Jump to content
juanclem1@msn.com

Auxiliary brake when towing 4 down

Recommended Posts

On my next trip from WA to S. CA, I will be towing 4 down for the first time an '08 GMC Canyon behind my '04 Monaco Cayman with an ISB 300 diesel pusher. I have been told by other RVers who have towed 4 down for years that there is no need to spend the money for an auxilliary brake in the Canyon. What advice would you give me?

Share this post


Link to post
Share on other sites

Would you rather stop 10 feet before you hit something or after you have hit? I will continue to use my Brake Buddy because it has stopped me before I hit on at least two occasions.

Share this post


Link to post
Share on other sites

WOW!

I am surprised that anyone would recommend towing a 3,700 pound vehicle without tow brakes.

Particularly behind a smaller DP/smaller engine. The ISB clearly has less braking HP than larger engines, so even with a much lighter toad, I would suggest auxiliary brakes.

Brett

Share this post


Link to post
Share on other sites
WOW!

I am surprised that anyone would recommend towing a 3,700 pound vehicle without tow brakes.

Particularly behind a smaller DP/smaller engine. The ISB clearly has less braking HP than larger engines, so even with a much lighter toad, I would suggest auxiliary brakes.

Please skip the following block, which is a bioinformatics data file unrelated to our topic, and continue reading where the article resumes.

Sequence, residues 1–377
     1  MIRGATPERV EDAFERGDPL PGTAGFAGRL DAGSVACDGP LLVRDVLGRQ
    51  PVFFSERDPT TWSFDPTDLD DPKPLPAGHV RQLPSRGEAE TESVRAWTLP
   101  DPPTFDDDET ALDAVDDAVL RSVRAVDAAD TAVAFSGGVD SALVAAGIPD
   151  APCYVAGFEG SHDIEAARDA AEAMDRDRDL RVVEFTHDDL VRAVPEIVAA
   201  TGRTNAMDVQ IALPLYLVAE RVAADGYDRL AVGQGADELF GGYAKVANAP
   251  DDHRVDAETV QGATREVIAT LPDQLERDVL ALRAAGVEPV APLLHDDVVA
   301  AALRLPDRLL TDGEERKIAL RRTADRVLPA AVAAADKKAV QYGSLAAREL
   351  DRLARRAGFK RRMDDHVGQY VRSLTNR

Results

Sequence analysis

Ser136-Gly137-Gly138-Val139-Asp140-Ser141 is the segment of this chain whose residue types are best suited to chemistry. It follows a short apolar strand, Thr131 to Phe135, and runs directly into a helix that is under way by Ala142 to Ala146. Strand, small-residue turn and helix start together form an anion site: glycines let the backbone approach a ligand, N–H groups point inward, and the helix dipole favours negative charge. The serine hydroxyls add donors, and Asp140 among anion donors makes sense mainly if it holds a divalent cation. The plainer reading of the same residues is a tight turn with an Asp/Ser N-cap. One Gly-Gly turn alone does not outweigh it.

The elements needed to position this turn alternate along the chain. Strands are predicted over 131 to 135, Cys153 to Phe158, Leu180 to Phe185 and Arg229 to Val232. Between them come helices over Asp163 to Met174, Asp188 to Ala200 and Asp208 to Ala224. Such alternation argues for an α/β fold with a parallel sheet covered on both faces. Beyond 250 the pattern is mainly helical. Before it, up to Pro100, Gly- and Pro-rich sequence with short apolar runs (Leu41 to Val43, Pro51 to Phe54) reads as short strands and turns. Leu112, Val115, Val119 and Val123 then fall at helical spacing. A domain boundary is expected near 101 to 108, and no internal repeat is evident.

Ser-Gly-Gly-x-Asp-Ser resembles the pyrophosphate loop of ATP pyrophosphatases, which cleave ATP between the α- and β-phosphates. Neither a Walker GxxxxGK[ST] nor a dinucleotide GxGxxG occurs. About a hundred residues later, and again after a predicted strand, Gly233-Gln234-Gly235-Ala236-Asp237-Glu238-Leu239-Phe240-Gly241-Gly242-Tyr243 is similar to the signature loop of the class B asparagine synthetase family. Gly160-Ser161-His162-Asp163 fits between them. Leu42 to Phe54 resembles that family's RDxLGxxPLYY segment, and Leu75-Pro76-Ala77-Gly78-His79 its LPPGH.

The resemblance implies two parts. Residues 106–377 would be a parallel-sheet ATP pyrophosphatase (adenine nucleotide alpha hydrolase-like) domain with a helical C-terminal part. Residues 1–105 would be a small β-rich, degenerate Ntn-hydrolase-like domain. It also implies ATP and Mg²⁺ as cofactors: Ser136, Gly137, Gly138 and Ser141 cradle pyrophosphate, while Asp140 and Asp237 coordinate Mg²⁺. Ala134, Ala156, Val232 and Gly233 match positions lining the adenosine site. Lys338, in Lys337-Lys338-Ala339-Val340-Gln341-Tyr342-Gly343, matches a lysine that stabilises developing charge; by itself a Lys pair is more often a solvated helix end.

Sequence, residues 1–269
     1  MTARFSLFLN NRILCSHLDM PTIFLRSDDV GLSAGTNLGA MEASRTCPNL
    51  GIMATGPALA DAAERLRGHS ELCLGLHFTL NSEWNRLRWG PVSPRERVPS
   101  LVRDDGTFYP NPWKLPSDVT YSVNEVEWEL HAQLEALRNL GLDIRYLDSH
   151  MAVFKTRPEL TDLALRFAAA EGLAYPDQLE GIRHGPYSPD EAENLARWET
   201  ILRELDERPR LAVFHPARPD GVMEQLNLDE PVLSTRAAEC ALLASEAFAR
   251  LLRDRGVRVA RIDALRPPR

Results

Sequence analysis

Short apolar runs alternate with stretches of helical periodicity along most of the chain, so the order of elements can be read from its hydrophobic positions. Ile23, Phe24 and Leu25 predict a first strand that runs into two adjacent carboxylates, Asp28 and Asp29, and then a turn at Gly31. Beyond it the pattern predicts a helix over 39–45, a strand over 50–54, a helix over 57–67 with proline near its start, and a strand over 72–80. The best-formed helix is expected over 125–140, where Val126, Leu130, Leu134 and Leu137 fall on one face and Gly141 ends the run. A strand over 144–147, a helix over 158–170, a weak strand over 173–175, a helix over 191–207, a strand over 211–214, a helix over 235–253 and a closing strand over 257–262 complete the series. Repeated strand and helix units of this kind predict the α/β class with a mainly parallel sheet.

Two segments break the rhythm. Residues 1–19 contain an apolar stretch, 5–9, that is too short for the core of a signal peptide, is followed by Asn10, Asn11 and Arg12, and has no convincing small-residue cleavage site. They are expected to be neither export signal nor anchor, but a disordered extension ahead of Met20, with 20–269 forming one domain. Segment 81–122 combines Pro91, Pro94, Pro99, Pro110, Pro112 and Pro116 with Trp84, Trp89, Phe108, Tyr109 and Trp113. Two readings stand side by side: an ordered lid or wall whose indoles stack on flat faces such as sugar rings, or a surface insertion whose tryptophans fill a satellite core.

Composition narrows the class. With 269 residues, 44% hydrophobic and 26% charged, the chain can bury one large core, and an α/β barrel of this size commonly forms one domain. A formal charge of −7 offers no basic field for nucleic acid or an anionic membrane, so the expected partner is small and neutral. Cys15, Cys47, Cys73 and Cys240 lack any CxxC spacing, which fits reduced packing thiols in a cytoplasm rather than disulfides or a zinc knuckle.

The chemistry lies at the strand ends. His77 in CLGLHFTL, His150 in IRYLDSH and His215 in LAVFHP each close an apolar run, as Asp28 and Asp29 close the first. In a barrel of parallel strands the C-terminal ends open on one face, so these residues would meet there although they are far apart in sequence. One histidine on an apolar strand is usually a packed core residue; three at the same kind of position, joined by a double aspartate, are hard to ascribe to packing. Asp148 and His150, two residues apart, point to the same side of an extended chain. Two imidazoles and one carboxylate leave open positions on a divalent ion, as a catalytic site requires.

Brett

I'll second Brett's comments. We towed a Colorado for 3 years (4wd quad cab) that had a cap on the box and a bed roller - weight was close to 4500 lbs. We used a Brake Buddy.

In some jurisdictions you will not be legal without a braking system. The weights vary but from what I can recall 2000 or 3000 lbs is usually the cut off. There is a list available that shows the requirements state by state and province by province (if I can remember which organization published it and the URL I'll post it - have not looked at it for a couple of years).

I'd suggest you check your owner's manual and you will likely find that the manufacturer rates its brakes for the GVWR, which is usually substantially less than the GCWR.

Grandriver

Share this post


Link to post
Share on other sites

Thanks to you all for replying with great comments. The safety factor is of most importance. As I think back, the ones saying I didn't need an auxillary brake were those with much larger motor homes and power than mine. Brett, where will you be teaching a class for "RV dummies" that I could attend?

Share this post


Link to post
Share on other sites
Thanks to you all for replying with great comments. The safety factor is of most importance. As I think back, the ones saying I didn't need an auxillary brake were those with much larger motor homes and power than mine. Brett, where will you be teaching a class for "RV dummies" that I could attend?

In Redmond, I will be moderating the Towing and Toad Brake Seminars, giving the Caterpillar Engine Maintenance and FMCA Forum Seminars (hope many of you will be able to attend the Forum Seminar-- a chance to put a face with a name) and serving on the "Ask the Expert" Seminar Panel.

Brett

Share this post


Link to post
Share on other sites